A substantial decline in the share of agriculture in a farm family’s income and the lack of quality education has eroded hopes of a better future for a majority of India’s farmers.
While the government pays lip service to the image of the Indian farmer – picture the stalwart yeoman, “Bharat,” hefting a wooden plough on his shoulder – in fact, the conditions of farm families have been in secular decline for three decades and longer, until a stage has come when what is produced on the farm is no longer enough for a family to live on.
It is not merely a matter of minimum support prices or of the terms of trade moving against agriculture, though that is certainly an important part of the picture. More broadly, the life chances of young people growing up on farms has become grim, a result of a concatenation of factors.
From more than three hectares at the time of independence, the average size of landholdings has fallen to less than one hectare. A farmer today has less than one-third of the land that was farmed by his grandfather.
That might not have been so bad if productivity increases had outstripped the diminution of farm sizes, but state investments in agriculture have been rolled back since the advent of liberalisation, precluding large-scale yield increases. The network of government canals has not been expanded. For more than 20 years after 1991, canal irrigation coverage remained static at 17 million hectares.
The research and extension services of the government have become weaker and less effective, with the network of agricultural universities being “starved of funds,” according to the report of a government commission. A World Bank team found that public investments in agriculture had “fallen by more than half” in the period after economic liberalisation.
India produces less than 2,000 kg of rice per hectare while China produces more than 6,000 kg per hectare. Sorghum yields are 800 kg/hectare in India and more than 1,600 kg/hectare in Thailand. Cotton yields are 650 kg/hectare on average in India and more than 3,000 kg/hectare in China.
These trends have put a squeeze on agriculturists’ livelihoods. From more than 60% in the early 1990s, the share of agriculture in a farm family’s income has fallen to just about 30%.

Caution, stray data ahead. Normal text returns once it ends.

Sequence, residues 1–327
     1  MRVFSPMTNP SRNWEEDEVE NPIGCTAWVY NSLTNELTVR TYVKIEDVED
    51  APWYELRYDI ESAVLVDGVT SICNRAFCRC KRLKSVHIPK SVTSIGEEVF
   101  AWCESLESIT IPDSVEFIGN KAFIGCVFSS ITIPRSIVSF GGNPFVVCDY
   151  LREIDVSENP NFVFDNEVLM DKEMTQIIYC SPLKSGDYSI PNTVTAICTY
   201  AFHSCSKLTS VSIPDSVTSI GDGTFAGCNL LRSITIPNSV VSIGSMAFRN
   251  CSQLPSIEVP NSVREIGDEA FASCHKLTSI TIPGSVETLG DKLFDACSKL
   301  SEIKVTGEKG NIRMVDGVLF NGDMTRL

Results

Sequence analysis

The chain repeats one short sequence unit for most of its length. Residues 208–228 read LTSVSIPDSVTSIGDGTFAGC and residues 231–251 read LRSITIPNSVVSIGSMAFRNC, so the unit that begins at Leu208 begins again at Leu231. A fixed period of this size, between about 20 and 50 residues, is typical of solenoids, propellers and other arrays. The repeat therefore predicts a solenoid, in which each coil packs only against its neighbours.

Where does the rest of the farm family’s income come from? Therein hangs a tale that, in my observation, lies at the heart of rural discontent, giving impetus to the ongoing agitation.
Because of the poor-quality education that they receive, the majority of young people growing up in rural areas have no option except to put themselves out as day labourers. Working as mazdoors, they are able to make up the shortfall in income brought on by the creeping crisis in household agriculture. But they live at the margins, unable to generate any surplus. Any sudden outflow of cash, for instance, to pay the medical bills of a loved one, is enough to pitch a household into poverty.
The wolf is never far from the door of India’s farmers, while television beams in images of high consumption lifestyles in big cities, increasingly distant from one’s immediate surroundings. The disjuncture is enough to make a person despair – why are the children of city folks able to climb the ladder to riches, while my children and those of folks like me are forced by circumstances to become mazdoors?
Although rural people constitute more than two-thirds of the population, among students in higher-tier engineering colleges and business schools, less than 5% come from rural backgrounds. The vast majority of individuals on these and other fast-track career paths have attended city schools and were raised by urban and well-educated parents.
Until two or three decades after independence, there were hardly any educational institutions in rural areas, especially those located beyond 5 km from cities. The legacy of under-provisioning in rural areas continues to have knock-off effects for the next generation. Rural children attend school for fewer years compared to urban children, and the schools they attend are of a much poorer standard. Most rural schools continue to be bare bone affairs – one or two classrooms for all of five grade levels with teachers who are unmotivated, poorly supervised and frequently missing from duty stations.
And it is not only school education where people in rural areas suffer. In healthcare, in transportation, communication, information provision, water supply and sanitation, in almost every sphere of public (and private) provision, people in rural areas have been left holding the short end of the stick, shorter yet in remoter rural areas. The bright lights of a growing economy, shining brightest in bigger cities, are only dimly visible in the country’s interior.
It is easier to put up with relative neglect and harsh living conditions if one has the faith that for one’s children, at least, the future will be better. That faith has steadily eroded for the majority of India’s farmers.
It is this erosion of faith that lies at the core of the farmers’ agitation. Until this faith is restored, by rethinking the relative priorities of rural and urban areas, distress will remain, and even if the current wave of agitations is contained, discontentment and a sense of being abandoned by the rest of the country will continue to bubble.
Anirudh Krishna, Edgar T. Thompson professor of public policy and political science at Duke University, is the author, most recently, of The Broken Ladder: The Paradox and Potential of India’s One-Billion (Penguin 2017).